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Before taking the fork in his road that led to becoming a builder, David Currie earned a Ph. D., authored two books, battled for religious liberty and tracked down Don Henley of the Eagles. In the first chapter of his second book Songs of the Desert he shares a learned perspective. Essentially it's that a hot stove burns to protect us from a more serious injury. A painful experience can fortify us if we handle it in a healthy way, and we follow the definition of a disciple and choose to be a “willing
He published this in 1999. Perhaps not coincidentally, this was the same year he began to see success as a builder, after what he terms a 'disastrous start' in 1995. His inexperience combined with the miscalculations of an early partner caused them to have more cost in the home than it appraised for. However, he learned. The second house lost less. The third still less. By the time he published the book, he was sans partner and had the kind of deeply earned knowledge we sometimes can only gain through the burn of that stovetop. His customers have benefited ever since.
Currie’s Paternal grandfather was a “saddlebag doctor”, having learned his skills in the bloody tumult of the Civil War as a physician's assistant. In 1879, he settled in Paint Rock. In 1912 Currie’s Maternal grandfather J.M Patton, came to Paint Rock from Sterling City, to be Cashier at the First State Bank of Paint Rock. Patton later served as president from 1932 until his death in 1962, Patton’s image looks over Currie’s modern day office from the brown parchment of an aged newspaper article celebrating the life and career of this iconic country banker. His famous quote was “A man’s character is the best collateral."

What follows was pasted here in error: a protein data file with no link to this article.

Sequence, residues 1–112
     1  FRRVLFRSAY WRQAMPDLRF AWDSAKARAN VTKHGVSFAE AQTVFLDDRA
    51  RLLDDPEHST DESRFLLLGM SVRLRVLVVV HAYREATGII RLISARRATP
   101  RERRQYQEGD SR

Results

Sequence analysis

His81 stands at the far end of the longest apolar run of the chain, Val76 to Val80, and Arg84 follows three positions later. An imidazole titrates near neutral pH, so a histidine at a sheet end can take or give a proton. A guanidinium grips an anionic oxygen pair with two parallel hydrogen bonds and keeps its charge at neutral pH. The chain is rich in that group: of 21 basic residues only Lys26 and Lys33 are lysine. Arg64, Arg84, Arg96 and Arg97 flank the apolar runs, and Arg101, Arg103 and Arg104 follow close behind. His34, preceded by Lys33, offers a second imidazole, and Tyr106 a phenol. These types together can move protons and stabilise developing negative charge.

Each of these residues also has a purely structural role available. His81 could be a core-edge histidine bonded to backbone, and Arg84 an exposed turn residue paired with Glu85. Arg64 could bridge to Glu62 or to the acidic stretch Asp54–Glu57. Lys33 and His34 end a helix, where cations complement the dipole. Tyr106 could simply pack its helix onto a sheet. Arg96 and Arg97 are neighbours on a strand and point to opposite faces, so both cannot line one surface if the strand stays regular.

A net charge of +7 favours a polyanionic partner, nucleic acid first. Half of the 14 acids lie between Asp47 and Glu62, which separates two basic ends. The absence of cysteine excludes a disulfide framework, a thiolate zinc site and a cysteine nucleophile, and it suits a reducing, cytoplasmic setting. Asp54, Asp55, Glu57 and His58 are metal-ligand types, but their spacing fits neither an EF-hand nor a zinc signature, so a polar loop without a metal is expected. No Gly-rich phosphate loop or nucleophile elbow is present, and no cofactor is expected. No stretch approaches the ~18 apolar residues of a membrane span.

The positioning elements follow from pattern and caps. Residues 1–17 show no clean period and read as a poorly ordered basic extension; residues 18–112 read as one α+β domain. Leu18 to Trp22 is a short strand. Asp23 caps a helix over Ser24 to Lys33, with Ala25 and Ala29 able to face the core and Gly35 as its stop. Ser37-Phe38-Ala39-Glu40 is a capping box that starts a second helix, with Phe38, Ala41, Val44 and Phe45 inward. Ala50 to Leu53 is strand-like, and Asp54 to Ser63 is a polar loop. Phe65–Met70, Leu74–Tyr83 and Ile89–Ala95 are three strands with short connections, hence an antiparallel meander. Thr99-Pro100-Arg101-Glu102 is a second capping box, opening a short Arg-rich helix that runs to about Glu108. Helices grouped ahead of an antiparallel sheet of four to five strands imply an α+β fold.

Currie himself grew up in the family's ranching business, which he remains involved in today. When he left for Howard Payne College on a track scholarship, his mother pressed him to pursue a business degree but he got a Bible degree with a minor in philosophy. Eventually he earned a Ph. D. in Christian Ethics.
After a stint with the Department of Agriculture Sheep and Goat division, he began what he refers to as the “controversial” portion of his career. From 1988 to 2009 he worked with the "Texas Baptists Committed” organization. “Religious Liberty is to me the cornerstone of this country. A person's right to freely believe and practice as they wish is something I have always been passionate about.”
Currie’s first book, On the Way had been published in 1982. His second book, Songs in the Desert was published in 1999 as he decided that his personal enjoyment of finding spiritual lessons in the songs of his beloved Eagles was the basis for an entertaining book that he wanted to share with others. He wrote the outline in an Atlanta airport and completed the first draft of the book by getting up a few hours early each morning.
When completed, he wanted to seek the Eagles permission prior to publishing. Knowing that fellow Texan Don Henley had once been a major contributor to Governor Ann Richards' campaign, he contacted Richards' daughter Cecille, an acquaintance. She provided an address, and he sent the manuscript and a letter. The response came from Irving Azoff, the high powered Eagles' manager whose roster also includes Journey, Van Halen, No Doubt, Maroon 5 and many others. Azoff’s letter took a hostile tone in his reproach of the book, and he listed a number of things Currie “couldn’t do.” Currie responded reasserting that his intentions were always to find what was acceptable to the songwriters, not to skirt their wishes, much less any legalities. Again Azoff responded with a letter